At the children's hospital at Vanderbildt University in Nashville, Tennessee, for example, seven children have been treated for internal bleeding caused by lack of vitamin K. The condition at its worst is very serious and can lead to permanent neurological problems if the bleeding takes place in the brain, or even to death.

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Emotional coldness in a child does not always predict the development of psychopathic characteristics later on, reveals a new review.“We know that it is very difficult to change psychopathic characteristics in adults. But this commonly held view is changing as we are accumulating research data showing that such characteristics in children can be changed,” explains Taina Laajasalo, a professor of psychology. 

A research team from the University of Helsinki compiled a review of several international studies and the conclusions have now been published in the medical journal Duodecim.

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Vitamin B can be found in fish, meat, milk, yeasts, whole grains, peanuts and seeds.The brain requires Vitamin B to calm down. Stress, depression and memory-related problems can be related to a lack of Vitamin B.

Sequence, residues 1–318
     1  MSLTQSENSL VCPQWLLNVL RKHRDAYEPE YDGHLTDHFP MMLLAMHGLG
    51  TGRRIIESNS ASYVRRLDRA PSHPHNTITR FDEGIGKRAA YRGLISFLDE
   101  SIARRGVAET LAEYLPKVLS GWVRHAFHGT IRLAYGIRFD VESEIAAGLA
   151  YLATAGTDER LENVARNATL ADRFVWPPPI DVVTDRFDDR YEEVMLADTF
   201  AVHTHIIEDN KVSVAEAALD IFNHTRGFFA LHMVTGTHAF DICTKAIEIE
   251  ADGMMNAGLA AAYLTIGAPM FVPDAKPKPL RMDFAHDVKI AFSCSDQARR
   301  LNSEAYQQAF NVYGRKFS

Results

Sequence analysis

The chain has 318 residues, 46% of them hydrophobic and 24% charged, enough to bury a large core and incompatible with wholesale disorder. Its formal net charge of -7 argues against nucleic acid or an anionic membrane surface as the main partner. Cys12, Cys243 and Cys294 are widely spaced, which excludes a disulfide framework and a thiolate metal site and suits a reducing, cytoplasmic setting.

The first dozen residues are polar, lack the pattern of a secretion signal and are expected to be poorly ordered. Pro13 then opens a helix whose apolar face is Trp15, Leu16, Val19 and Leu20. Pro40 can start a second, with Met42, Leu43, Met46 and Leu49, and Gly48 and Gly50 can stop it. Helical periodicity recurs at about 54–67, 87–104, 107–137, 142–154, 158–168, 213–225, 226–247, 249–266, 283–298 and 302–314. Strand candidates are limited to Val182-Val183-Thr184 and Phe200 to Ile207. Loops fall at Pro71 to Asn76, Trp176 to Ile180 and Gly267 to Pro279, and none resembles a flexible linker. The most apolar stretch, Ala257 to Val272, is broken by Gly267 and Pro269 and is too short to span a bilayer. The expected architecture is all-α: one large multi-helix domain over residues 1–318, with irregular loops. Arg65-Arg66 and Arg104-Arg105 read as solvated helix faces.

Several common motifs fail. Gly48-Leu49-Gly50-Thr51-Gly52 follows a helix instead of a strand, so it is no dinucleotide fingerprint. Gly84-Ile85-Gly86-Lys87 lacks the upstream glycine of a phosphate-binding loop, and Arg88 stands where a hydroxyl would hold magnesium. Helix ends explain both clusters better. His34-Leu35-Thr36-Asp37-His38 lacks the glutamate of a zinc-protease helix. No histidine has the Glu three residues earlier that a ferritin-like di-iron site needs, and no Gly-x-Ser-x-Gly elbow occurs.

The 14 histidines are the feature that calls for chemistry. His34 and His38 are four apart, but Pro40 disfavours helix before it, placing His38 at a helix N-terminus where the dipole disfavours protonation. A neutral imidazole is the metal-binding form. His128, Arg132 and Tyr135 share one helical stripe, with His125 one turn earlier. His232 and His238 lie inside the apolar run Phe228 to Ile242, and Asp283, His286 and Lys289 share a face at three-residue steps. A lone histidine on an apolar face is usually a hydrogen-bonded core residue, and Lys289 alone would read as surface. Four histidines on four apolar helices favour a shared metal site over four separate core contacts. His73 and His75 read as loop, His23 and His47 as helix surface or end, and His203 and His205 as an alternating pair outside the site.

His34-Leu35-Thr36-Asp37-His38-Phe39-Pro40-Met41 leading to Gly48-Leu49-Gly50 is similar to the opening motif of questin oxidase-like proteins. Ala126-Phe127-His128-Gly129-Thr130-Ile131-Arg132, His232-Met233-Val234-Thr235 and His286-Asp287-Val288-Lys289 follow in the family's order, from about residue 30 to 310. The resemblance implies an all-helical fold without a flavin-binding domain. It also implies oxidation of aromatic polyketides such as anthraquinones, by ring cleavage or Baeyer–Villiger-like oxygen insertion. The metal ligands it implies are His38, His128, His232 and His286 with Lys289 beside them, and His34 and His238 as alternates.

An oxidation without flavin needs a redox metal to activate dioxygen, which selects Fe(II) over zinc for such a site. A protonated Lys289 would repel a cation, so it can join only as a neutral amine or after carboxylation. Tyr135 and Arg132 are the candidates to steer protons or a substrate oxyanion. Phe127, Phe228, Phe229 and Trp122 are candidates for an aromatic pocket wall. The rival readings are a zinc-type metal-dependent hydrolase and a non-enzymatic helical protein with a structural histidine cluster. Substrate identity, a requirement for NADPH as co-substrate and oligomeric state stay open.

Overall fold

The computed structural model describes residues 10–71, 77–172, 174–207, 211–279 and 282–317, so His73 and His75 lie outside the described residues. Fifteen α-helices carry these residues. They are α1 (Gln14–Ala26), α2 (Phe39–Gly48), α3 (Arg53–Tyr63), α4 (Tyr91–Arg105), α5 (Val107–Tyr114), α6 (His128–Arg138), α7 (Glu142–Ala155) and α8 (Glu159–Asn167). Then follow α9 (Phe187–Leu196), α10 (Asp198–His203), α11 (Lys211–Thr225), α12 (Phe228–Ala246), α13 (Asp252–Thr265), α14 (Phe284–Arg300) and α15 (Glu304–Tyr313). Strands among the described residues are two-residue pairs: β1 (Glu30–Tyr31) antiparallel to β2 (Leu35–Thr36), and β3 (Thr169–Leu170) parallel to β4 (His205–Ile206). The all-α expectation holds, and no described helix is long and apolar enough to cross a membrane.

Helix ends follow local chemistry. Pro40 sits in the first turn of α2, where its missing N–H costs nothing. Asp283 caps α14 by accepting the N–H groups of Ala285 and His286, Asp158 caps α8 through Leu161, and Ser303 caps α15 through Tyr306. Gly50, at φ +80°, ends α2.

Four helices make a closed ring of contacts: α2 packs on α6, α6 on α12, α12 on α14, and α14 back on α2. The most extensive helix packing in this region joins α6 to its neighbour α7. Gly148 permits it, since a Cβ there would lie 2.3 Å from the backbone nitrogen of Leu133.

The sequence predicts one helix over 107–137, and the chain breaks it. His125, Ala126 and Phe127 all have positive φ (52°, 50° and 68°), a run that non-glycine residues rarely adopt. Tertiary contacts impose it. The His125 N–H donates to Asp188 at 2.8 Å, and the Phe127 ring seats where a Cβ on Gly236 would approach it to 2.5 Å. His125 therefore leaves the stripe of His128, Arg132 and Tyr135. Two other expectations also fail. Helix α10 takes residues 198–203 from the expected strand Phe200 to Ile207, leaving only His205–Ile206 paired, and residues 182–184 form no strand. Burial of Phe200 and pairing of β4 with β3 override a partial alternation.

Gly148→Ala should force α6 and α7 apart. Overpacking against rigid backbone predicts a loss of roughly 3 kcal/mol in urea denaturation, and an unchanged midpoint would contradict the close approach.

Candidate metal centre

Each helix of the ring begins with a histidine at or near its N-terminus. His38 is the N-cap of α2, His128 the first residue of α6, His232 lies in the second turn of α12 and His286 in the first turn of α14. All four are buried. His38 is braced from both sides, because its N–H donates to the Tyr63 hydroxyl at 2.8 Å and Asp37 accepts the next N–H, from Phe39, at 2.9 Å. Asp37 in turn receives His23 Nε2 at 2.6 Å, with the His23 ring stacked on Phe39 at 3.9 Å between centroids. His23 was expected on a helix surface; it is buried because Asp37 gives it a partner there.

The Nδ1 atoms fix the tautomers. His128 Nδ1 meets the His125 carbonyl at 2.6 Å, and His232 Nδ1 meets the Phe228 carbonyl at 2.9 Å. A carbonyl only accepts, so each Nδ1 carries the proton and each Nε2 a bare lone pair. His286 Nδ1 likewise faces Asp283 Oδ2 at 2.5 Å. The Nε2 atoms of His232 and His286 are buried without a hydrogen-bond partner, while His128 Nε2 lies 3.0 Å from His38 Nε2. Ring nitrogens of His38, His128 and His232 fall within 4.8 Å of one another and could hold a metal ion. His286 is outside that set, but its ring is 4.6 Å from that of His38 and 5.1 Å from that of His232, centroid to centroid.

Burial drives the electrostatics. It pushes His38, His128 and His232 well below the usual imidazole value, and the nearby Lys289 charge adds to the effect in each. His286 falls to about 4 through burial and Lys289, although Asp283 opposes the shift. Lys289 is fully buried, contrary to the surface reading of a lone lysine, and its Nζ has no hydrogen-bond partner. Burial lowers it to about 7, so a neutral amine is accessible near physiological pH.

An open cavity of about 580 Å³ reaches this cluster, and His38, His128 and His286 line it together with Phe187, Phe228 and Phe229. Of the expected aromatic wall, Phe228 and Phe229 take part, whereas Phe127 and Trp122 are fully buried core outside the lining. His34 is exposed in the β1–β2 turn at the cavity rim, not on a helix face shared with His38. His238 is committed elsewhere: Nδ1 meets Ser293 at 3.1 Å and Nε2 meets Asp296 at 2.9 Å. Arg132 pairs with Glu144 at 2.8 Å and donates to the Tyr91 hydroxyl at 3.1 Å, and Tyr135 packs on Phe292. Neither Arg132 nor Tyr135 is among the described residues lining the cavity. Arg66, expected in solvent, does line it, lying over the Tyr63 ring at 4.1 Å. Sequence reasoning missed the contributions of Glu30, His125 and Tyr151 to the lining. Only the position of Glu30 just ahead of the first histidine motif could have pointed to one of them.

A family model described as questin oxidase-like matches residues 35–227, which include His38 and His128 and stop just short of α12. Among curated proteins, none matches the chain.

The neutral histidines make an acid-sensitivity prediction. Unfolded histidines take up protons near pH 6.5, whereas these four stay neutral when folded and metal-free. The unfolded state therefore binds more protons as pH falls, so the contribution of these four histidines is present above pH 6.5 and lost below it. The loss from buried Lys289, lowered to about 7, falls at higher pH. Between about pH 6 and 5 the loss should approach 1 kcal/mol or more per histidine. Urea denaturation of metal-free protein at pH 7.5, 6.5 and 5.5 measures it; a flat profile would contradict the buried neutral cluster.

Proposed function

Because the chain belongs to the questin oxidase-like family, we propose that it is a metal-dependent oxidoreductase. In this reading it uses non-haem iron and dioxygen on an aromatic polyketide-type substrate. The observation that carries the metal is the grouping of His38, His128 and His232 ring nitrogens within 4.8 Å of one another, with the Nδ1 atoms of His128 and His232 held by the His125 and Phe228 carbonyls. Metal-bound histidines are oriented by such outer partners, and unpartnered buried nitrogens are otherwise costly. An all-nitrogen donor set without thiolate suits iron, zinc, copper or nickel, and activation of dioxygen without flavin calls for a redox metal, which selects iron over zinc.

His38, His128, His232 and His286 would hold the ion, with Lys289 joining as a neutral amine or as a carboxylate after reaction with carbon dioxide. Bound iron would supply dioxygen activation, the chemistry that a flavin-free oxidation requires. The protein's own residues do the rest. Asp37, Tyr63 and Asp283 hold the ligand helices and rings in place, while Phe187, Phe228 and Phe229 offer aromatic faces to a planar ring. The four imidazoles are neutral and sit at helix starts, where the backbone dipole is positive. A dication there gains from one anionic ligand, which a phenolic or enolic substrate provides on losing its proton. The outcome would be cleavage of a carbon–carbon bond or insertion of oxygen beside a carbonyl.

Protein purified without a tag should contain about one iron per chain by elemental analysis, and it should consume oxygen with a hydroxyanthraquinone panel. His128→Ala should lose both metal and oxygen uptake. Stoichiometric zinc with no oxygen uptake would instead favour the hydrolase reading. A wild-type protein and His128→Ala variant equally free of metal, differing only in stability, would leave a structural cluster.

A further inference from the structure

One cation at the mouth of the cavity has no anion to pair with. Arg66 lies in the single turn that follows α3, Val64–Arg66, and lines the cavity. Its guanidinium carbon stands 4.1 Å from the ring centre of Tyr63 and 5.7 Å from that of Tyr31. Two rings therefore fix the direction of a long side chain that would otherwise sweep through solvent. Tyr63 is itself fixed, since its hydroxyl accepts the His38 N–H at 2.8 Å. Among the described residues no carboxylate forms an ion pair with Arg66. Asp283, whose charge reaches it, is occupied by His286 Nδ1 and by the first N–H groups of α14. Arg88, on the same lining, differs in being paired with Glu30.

With stress looming over you and the blues take over, the need for vitamin B rarely crosses the mind first.

Studies in recent years have proven, though, that vitamins of group B can lift the mood and alleviate stress. They may well be called "nervous vitamins".

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“The cancer does not restrict my life in any way,” says Juha Wirekoski, who suffers from Waldenström’s disease. “I have to practice caution during the treatment periods but at other times I can lead a normal, quiet life.”"Prostate, breast, lung and bowel cancers are common," says Pirkko Kellokumpu-Lehtinen, professor of oncology at the University of Tampere and chief physician at the Tampere University Hospital.

"All other cancer types are rare, including childhood cancers."